As reported in Reuters, there’s a new trend among Hollywood movie studios concerned about abuse of their intellectual property: They’re hunting down “rogue” apps in the app stores of various smart devices that use images and other content from movies and TV shows without paying to license them.
One example is a take-down notice issued last week by Time Warner to Google, requesting that the app “Hobbit 3D Wallpaper HD” be removed from the Google Play app store for Android devices. The offending app is alleged to contain images from the film acquired without permission. Google complied.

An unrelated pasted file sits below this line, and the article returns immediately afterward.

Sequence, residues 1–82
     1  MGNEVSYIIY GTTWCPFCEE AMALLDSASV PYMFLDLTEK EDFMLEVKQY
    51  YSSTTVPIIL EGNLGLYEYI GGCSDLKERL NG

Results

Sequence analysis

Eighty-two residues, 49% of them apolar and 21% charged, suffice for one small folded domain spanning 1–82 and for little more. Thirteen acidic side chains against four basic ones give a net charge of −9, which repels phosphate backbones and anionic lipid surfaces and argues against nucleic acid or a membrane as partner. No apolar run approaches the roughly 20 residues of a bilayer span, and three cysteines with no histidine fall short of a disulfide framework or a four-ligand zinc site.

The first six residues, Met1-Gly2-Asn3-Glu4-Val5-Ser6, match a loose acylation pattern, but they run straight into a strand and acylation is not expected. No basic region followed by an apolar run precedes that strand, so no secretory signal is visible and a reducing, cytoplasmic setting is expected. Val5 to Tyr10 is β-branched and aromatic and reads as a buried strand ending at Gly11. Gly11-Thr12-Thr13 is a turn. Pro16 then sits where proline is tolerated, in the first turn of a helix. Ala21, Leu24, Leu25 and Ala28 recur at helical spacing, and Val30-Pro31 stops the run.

Reuters also notes that Marvel, Sony, Paramount, and 20th Century Fox have submitted similar notices to Google.
A survey of apps that mentioned Oscar-nominated content is said to have found up to 90 percent of apps on Google’s or Apple’s app store contain infringing content.
Copyright infringements like this may be easy to pull off by app makers, because it’s impossible to track the content in the millions of apps. But it’s a contentious tactic, and so many false notices have been submitted to Google, under the DMCA act, that in December it began to report them publicly.
Does the increasing spread of copyright take-downs exemplify an industry that cannot innovate? Or is it a legitimate business concern?